Up to how much does our third party cover you?

This depends on which policy you take out. Our third party cover ranges from £1 million to £3 million per incident.

Does my Petplan policy cover me if my dog causes injury to another dog?

This situation would be deemed as property damage - as the injured dog is the property of the owner. This is where our third party liability cover would come into effect.

All of Petplan’s dog policies automatically include third party liability in addition to covering vet bills, complementary treatment, boarding fees and emergency repatriation.

If you are not covered by third party liability you may find yourself responsible for any veterinary fees and compensation if you are proven legally liable.

What else does third party liability insurance cover me for?

Third party liability cover means dog owners are covered if property is damaged, or someone is injured, falls ill or is killed, as a result of an incident involving your dog.

You will also be covered for compensation and costs awarded against you by a court and the legal cost and expenses for defending a claim against you.

Examples of claims paid out by Petplan have included an incident where an over protective border-collie chased a postman from his garden. Although the dog did not cause any actual injury, in his rush to escape from the garden the postman fell over a low wall, injuring his back. Damages for personal injury, loss of earnings and the legal fees of both the third party and the client amounted to £60,000.

In another case an owner was walking his Rhodesian Ridgeback and in his excitement at seeing someone coming the other way the dog jumped up at an old lady, knocking her to the ground and causing her to break her wrist and her hip. Damages for that claim amounted to nearly £40,000.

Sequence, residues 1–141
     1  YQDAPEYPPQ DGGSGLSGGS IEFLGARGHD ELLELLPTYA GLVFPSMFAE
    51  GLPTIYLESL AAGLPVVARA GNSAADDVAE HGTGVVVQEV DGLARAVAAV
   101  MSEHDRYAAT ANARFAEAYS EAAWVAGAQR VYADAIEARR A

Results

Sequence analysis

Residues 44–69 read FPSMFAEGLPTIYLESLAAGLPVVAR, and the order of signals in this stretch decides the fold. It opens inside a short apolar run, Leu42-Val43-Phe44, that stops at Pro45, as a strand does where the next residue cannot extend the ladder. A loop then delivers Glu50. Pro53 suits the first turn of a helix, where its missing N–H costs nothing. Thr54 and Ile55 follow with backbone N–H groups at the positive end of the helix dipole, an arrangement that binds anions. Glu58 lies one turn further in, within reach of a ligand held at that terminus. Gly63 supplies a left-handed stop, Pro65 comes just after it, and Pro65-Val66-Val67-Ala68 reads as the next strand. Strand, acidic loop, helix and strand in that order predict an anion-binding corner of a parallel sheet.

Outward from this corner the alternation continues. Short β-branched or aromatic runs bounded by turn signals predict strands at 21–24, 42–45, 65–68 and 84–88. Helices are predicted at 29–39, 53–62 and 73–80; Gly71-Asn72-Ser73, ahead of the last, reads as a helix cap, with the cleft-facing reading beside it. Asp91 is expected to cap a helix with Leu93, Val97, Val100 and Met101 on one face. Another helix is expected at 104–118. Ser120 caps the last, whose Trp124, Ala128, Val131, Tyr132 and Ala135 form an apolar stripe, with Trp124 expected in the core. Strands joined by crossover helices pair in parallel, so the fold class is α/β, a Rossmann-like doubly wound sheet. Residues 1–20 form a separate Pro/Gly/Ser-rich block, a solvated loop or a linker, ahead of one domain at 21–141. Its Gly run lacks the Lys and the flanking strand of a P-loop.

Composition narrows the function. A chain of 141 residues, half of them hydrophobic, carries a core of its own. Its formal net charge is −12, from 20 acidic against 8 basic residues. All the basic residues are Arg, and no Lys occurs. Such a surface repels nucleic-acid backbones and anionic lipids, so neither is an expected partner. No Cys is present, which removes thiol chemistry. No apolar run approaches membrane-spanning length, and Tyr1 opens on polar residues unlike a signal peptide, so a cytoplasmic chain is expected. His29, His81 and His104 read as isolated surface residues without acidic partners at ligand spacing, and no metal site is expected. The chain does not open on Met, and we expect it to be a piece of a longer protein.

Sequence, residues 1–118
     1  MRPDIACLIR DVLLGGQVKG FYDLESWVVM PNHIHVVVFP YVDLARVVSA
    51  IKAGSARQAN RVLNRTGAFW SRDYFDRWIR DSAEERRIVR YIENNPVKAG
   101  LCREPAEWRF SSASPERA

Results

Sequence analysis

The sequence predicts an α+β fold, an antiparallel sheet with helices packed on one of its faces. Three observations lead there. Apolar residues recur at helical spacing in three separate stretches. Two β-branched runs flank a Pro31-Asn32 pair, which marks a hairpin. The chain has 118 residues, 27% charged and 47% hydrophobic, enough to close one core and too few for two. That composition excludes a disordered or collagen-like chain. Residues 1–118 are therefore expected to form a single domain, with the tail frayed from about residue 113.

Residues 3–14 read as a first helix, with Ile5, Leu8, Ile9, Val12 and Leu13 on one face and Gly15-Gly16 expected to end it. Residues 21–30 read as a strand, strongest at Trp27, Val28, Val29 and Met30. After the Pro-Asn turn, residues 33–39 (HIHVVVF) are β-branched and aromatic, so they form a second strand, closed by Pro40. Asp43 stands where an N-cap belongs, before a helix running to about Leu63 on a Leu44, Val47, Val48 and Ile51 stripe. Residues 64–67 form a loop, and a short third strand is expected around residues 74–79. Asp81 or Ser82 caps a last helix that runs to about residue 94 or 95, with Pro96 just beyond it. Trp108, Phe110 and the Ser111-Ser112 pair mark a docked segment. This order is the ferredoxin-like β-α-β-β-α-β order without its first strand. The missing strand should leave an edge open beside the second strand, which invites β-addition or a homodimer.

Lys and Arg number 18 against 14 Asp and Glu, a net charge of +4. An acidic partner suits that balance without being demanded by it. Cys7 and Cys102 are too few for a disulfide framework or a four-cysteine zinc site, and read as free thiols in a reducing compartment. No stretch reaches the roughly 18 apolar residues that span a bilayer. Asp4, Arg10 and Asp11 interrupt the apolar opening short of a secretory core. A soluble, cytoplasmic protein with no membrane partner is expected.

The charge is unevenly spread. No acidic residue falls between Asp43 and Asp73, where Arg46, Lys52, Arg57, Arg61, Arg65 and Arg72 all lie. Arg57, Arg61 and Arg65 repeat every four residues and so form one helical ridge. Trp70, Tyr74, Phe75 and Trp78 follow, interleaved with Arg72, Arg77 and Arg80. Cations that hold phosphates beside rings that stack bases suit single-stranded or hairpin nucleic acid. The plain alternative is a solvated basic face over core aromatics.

Take a look at our dog insurance policies to find out more.

What are your top tips for training your dog to be comfortable around other dogs and people? Let us know below…

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janet heath
I have never read such unhelpful rubbish. Never in all my life have i carried a horn whilst walking my dog !! Stay calm ha ha get real. You are not interested in saving any dogs or giving advice, you just want to sell your insurance !!
Can't see any useful advice in what you've wrote. How about adding if you are walking your dog who is off lead and friendly and you see another dog which is on lead, put your own back on lead!! The other dog is on lead for a reason, it could have health problems, recovering from illness, nervous, a rescue dog or a dog who's previously been attacked. The amount of people that let their dog run up to an on lead dog is ridiculous! I don't care if their dog is friendly, mine is scared of other dogs approaching her due to off lead dogs having a go at her as a pup.Nobody would like a stranger to come running up to them while they unable to escape or run away. Best way to prevent dog attacks is putting dog on lead it approaching people, other dogs on lead. And also only if their recall is 100% in any situation to be off lead.
I agree with everything Lisa has said, we need more respsonable dog owners like her.
Pauline Whitehead
My dog was attacked and killed by a neighbours dog who followed me and my dog into my house. The dog warden advised that dogs hate citronella and its useful to carry a spray in your pocket as it might help. A bit more practical that a horn!